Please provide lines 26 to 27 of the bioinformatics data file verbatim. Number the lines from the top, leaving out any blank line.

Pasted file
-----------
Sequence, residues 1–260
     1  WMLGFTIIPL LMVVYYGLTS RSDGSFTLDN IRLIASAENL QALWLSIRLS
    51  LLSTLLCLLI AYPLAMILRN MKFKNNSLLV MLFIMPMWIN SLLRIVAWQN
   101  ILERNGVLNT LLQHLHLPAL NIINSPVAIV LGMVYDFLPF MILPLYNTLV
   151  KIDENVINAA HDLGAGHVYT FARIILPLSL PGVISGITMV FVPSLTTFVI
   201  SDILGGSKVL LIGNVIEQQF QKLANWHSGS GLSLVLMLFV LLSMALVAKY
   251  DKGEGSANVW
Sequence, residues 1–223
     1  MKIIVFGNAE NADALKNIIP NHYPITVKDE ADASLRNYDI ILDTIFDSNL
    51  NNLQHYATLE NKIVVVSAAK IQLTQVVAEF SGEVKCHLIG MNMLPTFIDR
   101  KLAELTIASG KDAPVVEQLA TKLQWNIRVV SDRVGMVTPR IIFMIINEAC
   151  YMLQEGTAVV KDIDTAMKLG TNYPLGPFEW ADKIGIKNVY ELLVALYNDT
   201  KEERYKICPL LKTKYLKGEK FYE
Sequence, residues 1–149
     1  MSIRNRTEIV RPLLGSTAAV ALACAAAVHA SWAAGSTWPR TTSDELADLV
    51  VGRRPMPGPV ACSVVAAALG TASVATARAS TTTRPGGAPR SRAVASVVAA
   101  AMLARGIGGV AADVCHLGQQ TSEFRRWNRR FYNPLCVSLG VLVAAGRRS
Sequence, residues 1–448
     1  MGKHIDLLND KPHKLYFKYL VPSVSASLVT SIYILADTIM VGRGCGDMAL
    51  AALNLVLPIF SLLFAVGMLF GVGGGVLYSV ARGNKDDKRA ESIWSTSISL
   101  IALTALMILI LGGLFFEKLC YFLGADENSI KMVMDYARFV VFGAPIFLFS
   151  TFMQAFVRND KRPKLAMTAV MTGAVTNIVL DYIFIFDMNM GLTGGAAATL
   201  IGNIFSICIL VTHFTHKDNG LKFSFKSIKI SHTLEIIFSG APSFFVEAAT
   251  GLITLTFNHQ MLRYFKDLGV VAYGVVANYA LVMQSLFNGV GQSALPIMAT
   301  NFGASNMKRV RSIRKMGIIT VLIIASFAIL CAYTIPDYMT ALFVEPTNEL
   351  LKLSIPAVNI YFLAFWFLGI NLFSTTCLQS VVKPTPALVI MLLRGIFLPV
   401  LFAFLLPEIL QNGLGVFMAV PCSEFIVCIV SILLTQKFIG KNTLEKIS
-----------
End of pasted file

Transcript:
   351  LKLSIPAVNI YFLAFWFLGI NLFSTTCLQS VVKPTPALVI MLLRGIFLPV
   401  LFAFLLPEIL QNGLGVFMAV PCSEFIVCIV SILLTQKFIG KNTLEKIS